Children separated from their parents at the US-Mexico border "cry and scream" for their mothers, reaching out for them through the chain-link pens where they are being held, a pediatrician who has visited several Texas processing centers said in an interview.
Marsha Griffin, who has monitored conditions on the Texas border with Mexico for a decade, described her horror at what she found.
Approaching one facility, she said she heard what sounded like children playing or laughing.
"But when they opened the door, we saw around 20 to 30 10-year-old boys in one of these chain-link enclosures, and they were crying and screaming and asking for their mothers," she told AFP.
Their mothers, held in another enclosure just 15 meters (yards) away, were close but not close enough to console their children.
"Some of the mothers could see their children but couldn't get near to them, some of them couldn't see them. And the children were reaching their hands through the chain-link fences, crying and trying to reach out to their mothers," Griffin said.
"It was horrifying," she said.
Family separation is not new, but in the past it has been left to the discretion of border patrol agents.
Then President Donald Trump's administration embarked on a new "zero tolerance" policy in April, and since then the numbers of separations have soared.
Since April 19, more than 2,300 children have been separated from their parents, according to official figures.
Immigrants who enter the United States illegally across the Mexico border, as well as those seeking asylum, are sent to a border patrol "processing center."
There, they are separated by age and gender -- with young siblings split up -- and put in cage-like enclosures for up to 72 hours, until their case is resolved or the children are sent to shelters run by the Department of Health and Human Services.
But as these centers begin to overflow with new arrivals of children separated from their parents, new government solutions are emerging.
Most recently, authorities have built a camp for "unaccompanied" children in the austere Chihuahua desert near Tornillo, Texas.
According to immigration lawyers, separated children are routinely reclassified as unaccompanied minors.
In this new camp, enclosed by numerous fences, there are at least 18 white tents. For now, it houses 16- and 17-year-old boys, with its 360 beds expected to reach 4,000. A delegation of US mayors will visit the facility on Thursday.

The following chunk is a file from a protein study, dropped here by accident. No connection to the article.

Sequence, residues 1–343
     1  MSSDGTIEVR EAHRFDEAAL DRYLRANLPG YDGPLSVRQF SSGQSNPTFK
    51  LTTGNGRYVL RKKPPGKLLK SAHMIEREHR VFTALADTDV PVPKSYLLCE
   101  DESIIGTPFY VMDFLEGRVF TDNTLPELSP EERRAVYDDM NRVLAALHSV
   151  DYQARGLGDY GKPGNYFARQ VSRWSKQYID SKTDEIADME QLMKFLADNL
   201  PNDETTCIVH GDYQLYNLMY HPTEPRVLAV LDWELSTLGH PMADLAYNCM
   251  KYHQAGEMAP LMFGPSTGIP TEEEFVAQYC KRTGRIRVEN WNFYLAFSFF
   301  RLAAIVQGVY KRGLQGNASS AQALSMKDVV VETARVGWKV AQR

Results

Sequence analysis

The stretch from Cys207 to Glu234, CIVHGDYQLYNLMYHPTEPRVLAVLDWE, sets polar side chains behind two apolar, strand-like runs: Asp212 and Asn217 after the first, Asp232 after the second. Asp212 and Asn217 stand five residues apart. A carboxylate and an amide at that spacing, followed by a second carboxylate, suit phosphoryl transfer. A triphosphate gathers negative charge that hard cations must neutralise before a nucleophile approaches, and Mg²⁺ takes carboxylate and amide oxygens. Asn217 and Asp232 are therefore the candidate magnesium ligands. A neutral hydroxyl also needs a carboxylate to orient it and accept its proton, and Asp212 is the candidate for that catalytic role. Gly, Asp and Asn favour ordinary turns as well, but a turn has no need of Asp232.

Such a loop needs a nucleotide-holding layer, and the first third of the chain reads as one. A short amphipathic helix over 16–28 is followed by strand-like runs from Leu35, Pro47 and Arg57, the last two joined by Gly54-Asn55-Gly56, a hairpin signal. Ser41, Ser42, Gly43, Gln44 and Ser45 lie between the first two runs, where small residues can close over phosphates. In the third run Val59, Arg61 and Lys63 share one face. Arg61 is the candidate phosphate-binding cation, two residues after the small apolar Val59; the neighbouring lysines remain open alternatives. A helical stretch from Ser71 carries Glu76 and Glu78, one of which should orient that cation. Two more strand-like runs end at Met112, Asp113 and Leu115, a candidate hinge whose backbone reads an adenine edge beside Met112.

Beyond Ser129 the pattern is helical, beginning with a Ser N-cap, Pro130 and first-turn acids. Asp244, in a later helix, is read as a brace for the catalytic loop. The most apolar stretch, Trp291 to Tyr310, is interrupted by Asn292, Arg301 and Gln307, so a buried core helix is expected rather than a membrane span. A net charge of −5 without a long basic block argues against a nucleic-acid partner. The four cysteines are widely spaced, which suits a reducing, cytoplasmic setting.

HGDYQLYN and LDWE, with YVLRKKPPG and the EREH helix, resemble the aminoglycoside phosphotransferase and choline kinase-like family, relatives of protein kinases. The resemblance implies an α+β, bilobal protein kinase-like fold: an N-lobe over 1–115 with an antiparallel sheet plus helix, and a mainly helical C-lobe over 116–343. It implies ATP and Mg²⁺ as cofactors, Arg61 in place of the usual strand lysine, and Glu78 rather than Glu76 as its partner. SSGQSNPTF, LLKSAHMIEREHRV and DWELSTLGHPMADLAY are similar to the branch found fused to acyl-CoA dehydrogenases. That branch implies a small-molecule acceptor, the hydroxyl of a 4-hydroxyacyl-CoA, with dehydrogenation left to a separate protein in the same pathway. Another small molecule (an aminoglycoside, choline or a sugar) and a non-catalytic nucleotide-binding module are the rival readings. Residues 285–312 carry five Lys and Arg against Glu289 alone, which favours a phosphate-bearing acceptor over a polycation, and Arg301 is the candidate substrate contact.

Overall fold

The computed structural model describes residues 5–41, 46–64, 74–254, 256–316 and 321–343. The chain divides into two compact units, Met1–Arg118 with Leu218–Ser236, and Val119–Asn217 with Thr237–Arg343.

The outcry has been so great that Trump, until now an unyielding defender of the anti-immigrant crackdown, signed an executive order to put a stop to the practice.
The US House of Representatives also is planning to vote Thursday on a bill that would keep families together while they are being processed by the courts.
Meanwhile, doctors warn that separation can cause "toxic stress" in detained children, among them minors who travelled alone, and others separated from their parents.
Griffin confirmed to AFP that even toddlers and babies are being held.
"Separating children from their parents contradicts everything we stand for as pediatricians," said the president of the American Academy of Pediatrics (AAP), Colleen Kraft.
The AAP said in a statement that "toxic stress, which is caused by prolonged exposure to heightened stress, has detrimental short- and long-term health effects ... that can contribute to chronic conditions like depression, post-traumatic stress disorder and heart disease."
"These children go through a process of toxic stress and trauma, because they don't know what's going to happen to them and they are not with their primary caregiver," Griffin said.
As a result, pediatricians are calling for these centers to employ specialists trained in childcare, to comfort children and explain what is happening -- but it's a struggle to get the message across.
"When we tell that to the agents, they get upset," Griffin explained.
"They say this is not their work, they are law enforcement, they don't have time for this."
As pediatricians, "we know the severe damage this is causing right this minute on hundreds and hundreds of children," she added.
"I think we are better than that. As a country, certainly we hold all children are valuable."
El Paso, United States | AFP